Dwell on these things

Tonight I'll be performing my play Five Bells for 9/11 (GCBC.org).

Each time I prepare to perform this piece I go into mourning. This year I saw it coming, so I had a number of people praying for me. God answered those prayers by giving me insight: This whole play was written to give people new memories, but as humans the things we remember most are those that are most emotional. So I learned to use the play for what it’s designed for! When I think about all those that died I think about the more than 70,000 that were spared. When I get lost in thought about the immensity of the disaster I dwell on the way God gently helped one of the characters find the way home (there's a chance she'll be there tonight). When I feel myself dwelling on the images of distruction, I remember the cross in the rubble. The Word of God said it long ago: Philippians 4:8 (NIV) Finally, brothers, whatever is true, whatever is noble, whatever is right, whatever is pure, whatever is lovely, whatever is admirable—if anything is excellent or praiseworthy—think about such things.

If you're in the area, hope you can make it tonight. Ann Van Hine, the widow of one of the characters will be speaking afterward. She speaks powerfully about how the Lord has kept them positive through the last five years.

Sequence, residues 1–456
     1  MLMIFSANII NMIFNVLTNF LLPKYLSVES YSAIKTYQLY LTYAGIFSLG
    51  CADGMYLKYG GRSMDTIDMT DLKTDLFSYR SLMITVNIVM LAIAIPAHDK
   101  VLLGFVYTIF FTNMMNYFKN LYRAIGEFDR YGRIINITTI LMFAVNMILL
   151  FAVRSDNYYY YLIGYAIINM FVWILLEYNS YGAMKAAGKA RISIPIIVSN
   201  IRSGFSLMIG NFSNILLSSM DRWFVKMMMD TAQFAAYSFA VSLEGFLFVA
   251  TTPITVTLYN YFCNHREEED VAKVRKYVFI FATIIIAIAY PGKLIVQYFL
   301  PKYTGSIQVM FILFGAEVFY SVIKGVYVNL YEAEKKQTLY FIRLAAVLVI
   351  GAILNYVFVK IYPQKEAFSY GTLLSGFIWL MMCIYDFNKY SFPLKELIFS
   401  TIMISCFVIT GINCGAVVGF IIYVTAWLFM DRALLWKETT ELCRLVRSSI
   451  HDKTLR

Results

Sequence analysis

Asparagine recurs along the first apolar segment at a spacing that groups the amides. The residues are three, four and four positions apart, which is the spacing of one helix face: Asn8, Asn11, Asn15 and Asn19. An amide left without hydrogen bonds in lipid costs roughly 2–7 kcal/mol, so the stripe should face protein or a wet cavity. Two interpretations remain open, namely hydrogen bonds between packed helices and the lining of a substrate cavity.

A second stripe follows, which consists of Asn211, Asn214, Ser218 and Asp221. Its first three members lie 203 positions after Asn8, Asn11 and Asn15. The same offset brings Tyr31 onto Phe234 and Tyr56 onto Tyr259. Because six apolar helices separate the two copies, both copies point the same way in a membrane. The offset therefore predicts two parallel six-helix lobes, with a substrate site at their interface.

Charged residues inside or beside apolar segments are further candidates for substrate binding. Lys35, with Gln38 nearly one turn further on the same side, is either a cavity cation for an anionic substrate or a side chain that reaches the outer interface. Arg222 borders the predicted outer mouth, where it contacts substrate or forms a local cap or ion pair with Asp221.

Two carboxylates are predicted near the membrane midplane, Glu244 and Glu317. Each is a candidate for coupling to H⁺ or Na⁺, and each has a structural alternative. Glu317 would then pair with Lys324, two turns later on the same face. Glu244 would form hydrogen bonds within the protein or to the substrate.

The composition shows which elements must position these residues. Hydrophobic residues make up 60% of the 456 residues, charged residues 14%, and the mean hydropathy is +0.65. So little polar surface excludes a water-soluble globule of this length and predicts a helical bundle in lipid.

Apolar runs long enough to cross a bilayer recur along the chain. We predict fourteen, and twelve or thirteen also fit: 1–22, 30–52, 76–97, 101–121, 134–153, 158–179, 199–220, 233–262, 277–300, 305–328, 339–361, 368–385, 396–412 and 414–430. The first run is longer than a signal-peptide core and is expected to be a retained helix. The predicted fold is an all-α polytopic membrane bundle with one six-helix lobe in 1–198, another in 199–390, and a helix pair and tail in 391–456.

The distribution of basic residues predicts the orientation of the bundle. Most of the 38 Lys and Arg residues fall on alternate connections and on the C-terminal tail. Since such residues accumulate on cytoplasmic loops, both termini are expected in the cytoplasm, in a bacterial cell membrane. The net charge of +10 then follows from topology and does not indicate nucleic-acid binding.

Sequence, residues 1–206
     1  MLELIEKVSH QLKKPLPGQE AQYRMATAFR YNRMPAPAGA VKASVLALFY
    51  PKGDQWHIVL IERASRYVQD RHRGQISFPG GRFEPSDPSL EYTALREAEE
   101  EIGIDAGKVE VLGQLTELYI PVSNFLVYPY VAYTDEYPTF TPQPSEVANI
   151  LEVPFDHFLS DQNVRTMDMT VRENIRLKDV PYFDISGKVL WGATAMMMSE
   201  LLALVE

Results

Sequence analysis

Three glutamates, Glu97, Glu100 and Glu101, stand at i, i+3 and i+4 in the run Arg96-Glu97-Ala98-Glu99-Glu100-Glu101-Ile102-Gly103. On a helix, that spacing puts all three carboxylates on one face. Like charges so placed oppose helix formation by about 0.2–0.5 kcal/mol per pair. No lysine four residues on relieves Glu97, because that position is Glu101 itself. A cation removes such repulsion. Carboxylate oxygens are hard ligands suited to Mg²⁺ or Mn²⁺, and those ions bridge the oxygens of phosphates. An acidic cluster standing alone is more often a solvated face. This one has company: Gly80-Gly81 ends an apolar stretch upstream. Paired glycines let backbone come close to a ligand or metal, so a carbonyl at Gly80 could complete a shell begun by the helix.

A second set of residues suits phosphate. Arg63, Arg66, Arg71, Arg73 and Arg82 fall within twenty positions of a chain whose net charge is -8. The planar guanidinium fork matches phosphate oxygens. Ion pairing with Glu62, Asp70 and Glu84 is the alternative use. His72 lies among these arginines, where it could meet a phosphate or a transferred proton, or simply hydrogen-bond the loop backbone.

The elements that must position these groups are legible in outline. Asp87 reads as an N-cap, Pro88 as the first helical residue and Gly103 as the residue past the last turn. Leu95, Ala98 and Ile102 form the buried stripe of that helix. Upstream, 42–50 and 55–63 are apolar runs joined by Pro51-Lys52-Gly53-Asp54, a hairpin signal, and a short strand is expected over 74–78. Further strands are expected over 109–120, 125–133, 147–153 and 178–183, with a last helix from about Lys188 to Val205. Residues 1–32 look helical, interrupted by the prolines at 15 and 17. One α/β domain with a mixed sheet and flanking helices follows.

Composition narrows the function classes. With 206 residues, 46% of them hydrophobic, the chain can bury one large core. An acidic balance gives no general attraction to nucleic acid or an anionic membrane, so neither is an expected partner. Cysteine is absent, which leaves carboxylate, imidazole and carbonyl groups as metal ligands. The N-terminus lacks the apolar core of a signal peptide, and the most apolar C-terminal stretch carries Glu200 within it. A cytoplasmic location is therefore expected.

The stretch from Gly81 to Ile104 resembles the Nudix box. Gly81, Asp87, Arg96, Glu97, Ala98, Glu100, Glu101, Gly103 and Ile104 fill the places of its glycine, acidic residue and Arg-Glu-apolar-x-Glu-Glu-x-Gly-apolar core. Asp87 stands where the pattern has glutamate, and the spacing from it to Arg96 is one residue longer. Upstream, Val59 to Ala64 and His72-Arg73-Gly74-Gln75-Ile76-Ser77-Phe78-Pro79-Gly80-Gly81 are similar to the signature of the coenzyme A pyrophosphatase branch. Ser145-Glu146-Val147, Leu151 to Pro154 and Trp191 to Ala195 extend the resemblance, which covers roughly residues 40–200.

Rich Swingle said...

Have you read Ron Mock's book-- Loving without Giving In: Christian Responses to Terrorism and Tyranny. As you would expect from Ron, it is a meticulously thorough scholarly discussion of the subject. In his introduction to the book, Mark Hatfield wrote, "Ron Mock does here what his predecessors have done in other times of crisis: He draws on sources typically ignored by policymakers to suggest some new responses that offer genuine hope for a long-term winning strategy against terror and tyranny."

If you are not aware of the book, I thought you might appreciate it in relation to your "Five Bells for 9/11".

Raelene Fendall

Rich Swingle said...

Ron was the first person to book my first full-length one-man play, A Clear Leading. He invited me to perform it over instant messaging, all the way back in 1993.

To order his book, click Loving without Giving In: Christian Responses to Terrorism and Tyranny

Raelene's husband, Lon, was one of my instructors at George Fox University, where he still teaches. One of the characters in 9/11 is a woman named Lana Ho Shing. Because I don't want people to be distracted by the fact that I'm playing a woman I play her as a man and call her Lon, after Professor Fendall.